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Friday, Oct. 28, 2011
Thailand in trouble
Floods in Thailand, which initially hit northern and central areas hard, are spilling toward central Bangkok, where government organizations are concentrated. On Oct. 25, two domestic airlines canceled all their flights to and from Don Muang airport in northern Bangkok. As of the morning of Oct. 26, 373 people had died. Most of them drowned, but at least 17 were electrocuted. Some 2.93 million people have become flood victims.
As Prime Minister Yingluck Shinawatra said a few days earlier, the situation is "extremely serious." A record high tide is to happen on Oct. 28 in the Gulf of Thailand, making release of floodwater into the gulf difficult. Weather reports are forecasting yet more rainfall, thus the damage from the floods is expected to expand. The Japanese government, the Japanese Red Cross Society, other Japanese organizations and ordinary Japanese citizens should consider what they can do to help Thai flood victims.
Three months of monsoon rains, said to be the heaviest in 50 years, have caused the floods. Global warming may play a role, but reports say man-made factors have also contributed to the scale of the disaster. In an attempt to invite foreign enterprises, Thailand has filled in canals and marshy grounds since the 1980s and developed industrial parks. Rapid industrialization and urbanization have greatly diminished these areas' natural capacity to hold water. In Ayutthaya province along the Chao Praya river, all five such factory parks have been submerged.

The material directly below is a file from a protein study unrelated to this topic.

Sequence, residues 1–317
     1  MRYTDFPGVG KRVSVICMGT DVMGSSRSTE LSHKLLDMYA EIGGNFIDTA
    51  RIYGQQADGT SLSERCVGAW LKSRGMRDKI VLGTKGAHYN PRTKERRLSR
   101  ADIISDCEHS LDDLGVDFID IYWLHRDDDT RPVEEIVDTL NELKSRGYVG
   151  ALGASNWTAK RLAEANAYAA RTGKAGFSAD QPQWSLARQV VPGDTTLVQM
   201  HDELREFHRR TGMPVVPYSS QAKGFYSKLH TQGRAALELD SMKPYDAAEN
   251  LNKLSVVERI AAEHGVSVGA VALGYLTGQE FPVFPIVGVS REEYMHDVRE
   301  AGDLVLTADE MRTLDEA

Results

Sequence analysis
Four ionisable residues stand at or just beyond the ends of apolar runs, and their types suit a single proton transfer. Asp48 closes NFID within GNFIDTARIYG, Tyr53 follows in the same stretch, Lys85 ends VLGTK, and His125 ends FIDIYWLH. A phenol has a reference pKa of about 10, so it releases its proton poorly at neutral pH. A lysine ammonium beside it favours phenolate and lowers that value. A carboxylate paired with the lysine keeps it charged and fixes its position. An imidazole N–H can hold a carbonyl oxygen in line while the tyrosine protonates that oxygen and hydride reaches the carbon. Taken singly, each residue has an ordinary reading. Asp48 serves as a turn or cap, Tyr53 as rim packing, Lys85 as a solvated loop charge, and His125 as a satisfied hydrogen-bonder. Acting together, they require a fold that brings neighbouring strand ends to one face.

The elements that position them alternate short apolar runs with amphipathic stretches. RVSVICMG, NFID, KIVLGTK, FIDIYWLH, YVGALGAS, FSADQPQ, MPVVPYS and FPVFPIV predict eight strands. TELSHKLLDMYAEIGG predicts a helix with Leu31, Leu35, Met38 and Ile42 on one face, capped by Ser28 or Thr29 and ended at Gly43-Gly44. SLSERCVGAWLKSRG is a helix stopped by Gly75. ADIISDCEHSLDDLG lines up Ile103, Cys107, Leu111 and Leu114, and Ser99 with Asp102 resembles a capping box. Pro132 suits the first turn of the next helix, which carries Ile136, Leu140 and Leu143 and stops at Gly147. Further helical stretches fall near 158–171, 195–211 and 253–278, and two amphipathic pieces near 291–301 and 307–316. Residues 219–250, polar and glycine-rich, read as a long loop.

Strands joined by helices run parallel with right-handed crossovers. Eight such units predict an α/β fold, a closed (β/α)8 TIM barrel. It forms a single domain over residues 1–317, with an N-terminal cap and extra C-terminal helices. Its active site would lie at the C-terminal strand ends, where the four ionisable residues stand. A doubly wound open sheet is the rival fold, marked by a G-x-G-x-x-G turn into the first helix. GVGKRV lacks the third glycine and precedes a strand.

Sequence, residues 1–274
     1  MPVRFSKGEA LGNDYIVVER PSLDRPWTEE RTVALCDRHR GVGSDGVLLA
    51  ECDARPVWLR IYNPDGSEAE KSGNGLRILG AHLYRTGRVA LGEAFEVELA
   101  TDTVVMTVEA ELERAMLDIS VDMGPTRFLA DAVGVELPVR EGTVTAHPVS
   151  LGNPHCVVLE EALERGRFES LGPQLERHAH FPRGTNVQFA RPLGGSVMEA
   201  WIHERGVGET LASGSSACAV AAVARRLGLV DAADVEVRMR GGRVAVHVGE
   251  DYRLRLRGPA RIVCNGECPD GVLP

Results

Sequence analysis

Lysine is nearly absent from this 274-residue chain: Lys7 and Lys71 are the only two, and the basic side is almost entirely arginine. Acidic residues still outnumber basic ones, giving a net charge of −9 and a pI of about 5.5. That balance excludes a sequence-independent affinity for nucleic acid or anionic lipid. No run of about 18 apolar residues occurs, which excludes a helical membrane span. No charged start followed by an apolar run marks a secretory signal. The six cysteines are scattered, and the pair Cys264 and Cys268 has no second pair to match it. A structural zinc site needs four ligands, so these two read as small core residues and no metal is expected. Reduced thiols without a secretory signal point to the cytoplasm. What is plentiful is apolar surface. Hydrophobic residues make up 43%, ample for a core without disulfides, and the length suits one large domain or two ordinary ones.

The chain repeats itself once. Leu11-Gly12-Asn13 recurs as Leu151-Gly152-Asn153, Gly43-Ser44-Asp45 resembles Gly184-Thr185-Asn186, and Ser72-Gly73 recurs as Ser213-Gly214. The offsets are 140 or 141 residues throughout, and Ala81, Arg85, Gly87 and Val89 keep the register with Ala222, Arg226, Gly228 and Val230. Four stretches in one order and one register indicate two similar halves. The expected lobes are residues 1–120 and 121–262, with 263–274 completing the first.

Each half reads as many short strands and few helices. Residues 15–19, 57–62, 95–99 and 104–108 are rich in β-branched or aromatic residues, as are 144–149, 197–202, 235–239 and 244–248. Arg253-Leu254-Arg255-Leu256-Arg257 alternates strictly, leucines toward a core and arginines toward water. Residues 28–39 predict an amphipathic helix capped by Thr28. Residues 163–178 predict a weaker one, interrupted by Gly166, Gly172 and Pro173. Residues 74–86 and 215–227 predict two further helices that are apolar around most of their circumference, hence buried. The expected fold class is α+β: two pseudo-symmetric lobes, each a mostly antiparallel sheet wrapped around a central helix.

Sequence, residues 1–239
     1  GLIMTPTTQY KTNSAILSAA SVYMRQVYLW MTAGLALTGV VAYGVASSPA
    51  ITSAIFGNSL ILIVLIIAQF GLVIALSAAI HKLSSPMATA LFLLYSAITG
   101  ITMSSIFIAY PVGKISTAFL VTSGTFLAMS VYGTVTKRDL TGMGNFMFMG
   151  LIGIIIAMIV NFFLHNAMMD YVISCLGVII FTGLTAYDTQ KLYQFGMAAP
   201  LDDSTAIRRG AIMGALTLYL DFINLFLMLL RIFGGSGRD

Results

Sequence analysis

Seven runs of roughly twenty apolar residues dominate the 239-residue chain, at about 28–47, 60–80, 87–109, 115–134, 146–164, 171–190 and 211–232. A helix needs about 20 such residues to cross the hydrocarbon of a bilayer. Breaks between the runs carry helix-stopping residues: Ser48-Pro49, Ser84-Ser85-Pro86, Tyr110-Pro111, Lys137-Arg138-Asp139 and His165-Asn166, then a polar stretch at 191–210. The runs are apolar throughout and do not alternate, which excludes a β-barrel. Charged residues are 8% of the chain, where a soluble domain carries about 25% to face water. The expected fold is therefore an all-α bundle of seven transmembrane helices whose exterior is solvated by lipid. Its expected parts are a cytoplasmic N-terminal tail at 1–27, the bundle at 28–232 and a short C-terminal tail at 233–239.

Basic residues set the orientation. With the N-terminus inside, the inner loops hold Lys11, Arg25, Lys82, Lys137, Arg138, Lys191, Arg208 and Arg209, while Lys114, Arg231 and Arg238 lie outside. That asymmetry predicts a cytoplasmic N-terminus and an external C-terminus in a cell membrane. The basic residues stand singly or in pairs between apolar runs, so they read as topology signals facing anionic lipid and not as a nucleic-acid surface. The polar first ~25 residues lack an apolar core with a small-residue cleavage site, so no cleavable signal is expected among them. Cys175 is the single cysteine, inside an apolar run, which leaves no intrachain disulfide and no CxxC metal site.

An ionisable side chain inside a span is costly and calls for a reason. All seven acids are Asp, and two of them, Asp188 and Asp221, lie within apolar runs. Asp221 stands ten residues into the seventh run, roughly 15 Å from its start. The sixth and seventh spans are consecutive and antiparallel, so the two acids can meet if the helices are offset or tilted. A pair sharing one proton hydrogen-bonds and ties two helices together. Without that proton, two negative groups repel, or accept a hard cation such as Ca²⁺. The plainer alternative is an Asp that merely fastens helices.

Apparently political conflict between factions supporting and opposing former prime minister Thaksin Shinawatra (the brother of Yingluck Shinawatra) has prevented the government from taking well-coordinated initial actions to bring the floods under control. It is estimated that the floods will reduce Thailand's rice production this year by about 30 percent.
As seven industrial parks have been flooded, some 460 Japanese enterprises have sustained damage. Among them are the eight Japanese carmakers, which have suspended factory operations. Earlier they had suffered from the March 11 earthquake and tsunami in Japan, which damaged supply chains. The Japanese government should immediately take steps to help flood victims, which include Japanese nationals. In the longer term, it should provide Thailand with know-how and technology for flood control.